Friday, June 4, 2004 - Page updated at 12:00 AM

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Dining Deals

Music to the ears, not the palate

Special to The Seattle Times

Tula's Restaurant and Jazz Club

2214 Second Ave., Seattle; 206-443-4221



Web site:

Hours: 3 p.m.-midnight Sundays-Wednesdays, 3 p.m.-1 a.m. Thursdays-Saturdays; no minors after 10 p.m.

Full bar / credit cards: AE, D, DC, MC, V / smoking in bar only / no obstacles to access / cover charge variable.

Rating: not recommended.

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What Dimitriou's Jazz Alley is to big-name jazz acts, Tula's is to local ones. Everything about the place is lower-key, from its modest Belltown storefront to its folksy menu.

This lack of pretension works beautifully if what you're after is an authentic musical experience. For nine years, proprietor and jazz aficionado Mack Waldron has run his club like a salon for the cream of the local-jazz crop, giving them a stage on which to perform and — on Sunday nights — a place to jam.

I went to hear my friend, a budding jazz vocalist, perform the other night, and was enchanted by the quality of the sound and the dedication of the house. A far cry from its classy earlier incarnation as La Rive Gauche restaurant, the space looks like a basement — underadorned gray cinder-block walls — but this provides a measure of bohemian cachet. Besides, all eyes are on the wedge-shaped stage, which runs the length of the room across from the bar.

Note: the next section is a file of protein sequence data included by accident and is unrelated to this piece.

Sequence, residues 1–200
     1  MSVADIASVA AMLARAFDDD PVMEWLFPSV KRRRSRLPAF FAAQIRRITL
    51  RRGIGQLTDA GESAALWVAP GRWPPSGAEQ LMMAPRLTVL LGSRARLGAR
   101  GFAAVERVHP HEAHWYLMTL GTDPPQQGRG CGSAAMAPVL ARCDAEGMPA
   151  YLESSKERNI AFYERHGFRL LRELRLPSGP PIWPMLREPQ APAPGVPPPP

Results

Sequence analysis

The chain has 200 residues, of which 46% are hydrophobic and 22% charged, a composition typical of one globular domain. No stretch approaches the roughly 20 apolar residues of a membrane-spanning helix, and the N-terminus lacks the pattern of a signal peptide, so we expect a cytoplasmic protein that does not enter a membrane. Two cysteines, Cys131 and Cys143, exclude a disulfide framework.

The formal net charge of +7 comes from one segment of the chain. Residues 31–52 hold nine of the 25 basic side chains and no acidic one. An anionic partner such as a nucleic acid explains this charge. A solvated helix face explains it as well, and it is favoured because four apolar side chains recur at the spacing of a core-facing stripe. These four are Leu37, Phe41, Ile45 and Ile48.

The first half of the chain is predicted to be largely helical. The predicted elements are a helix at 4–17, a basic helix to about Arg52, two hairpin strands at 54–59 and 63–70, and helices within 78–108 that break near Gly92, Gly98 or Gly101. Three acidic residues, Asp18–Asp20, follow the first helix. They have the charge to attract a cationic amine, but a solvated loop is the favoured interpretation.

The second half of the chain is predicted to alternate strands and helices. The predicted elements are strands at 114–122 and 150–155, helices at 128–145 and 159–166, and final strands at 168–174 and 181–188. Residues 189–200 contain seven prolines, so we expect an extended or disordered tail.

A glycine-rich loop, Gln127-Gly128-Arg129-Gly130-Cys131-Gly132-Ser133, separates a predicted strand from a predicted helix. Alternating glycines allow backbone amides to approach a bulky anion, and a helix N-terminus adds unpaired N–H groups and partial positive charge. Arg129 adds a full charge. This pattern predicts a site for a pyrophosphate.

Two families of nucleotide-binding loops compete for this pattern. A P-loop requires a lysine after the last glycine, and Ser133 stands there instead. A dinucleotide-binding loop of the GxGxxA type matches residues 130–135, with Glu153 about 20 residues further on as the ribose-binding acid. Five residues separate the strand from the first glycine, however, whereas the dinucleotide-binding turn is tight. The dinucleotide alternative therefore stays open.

And all ears, of course, are amply satisfied. As for all palates, well, that's another story. To be frank, one gets the clear impression that food is an afterthought at Tula's — a supporting act for the bar, which, in turn, is a supporting act for the entertainment. Fair enough. Not every restaurant has to aim for culinary greatness.

But every diner should know what they're getting. So don't expect much finesse or nuance on Tula's long menu of standards and eastern Mediterranean dishes. They wisely offer more than a dozen appetizers, of which you would do well to choose the very solid hummus and tzatziki plate, and about two dozen sandwiches, burgers, pastas and entrees.

Quality is hit or miss, service genuine but way overburdened, wine knowledge scant. So even if it's not particularly commendable as a restaurant — it sure is a dandy place to hear music.

Check please:

Greek combo: Notably dilly tzatziki, puddled with beautiful oil, was the star of this appetizer plate. It was lush, slathered on quarters of warm, pillowy pita bread. The garlicky hummus was also fine. Accompaniments included tomatoes, pepperoncinis, lettuce and Kalamata olives, adding up to a terrific pecking platter and the best dish we encountered here.

Balsamic salmon: A disappointing plate, featuring overcooked fish and soulless accompaniments (saffron rice, broccoli).

Greek chicken salad: Big chunks of moist and savory grilled chicken mingled with feta cheese, tomatoes, Kalamatas, cucumbers, red onions and lemony greens. It made for a fine, if uneventful, gambol.

Mud-pie ice-cream cake: Duller than Sara Lee, I'm sorry to report.

Itemized bill, meal for two

Greek combo $8.00

Balsamic salmon $17.00

Greek chicken salad $12.00

Mud-pie ice-cream cake $6.00

Tax $3.78

Total $46.78

Kathryn Robinson:

Copyright © 2004 The Seattle Times Company


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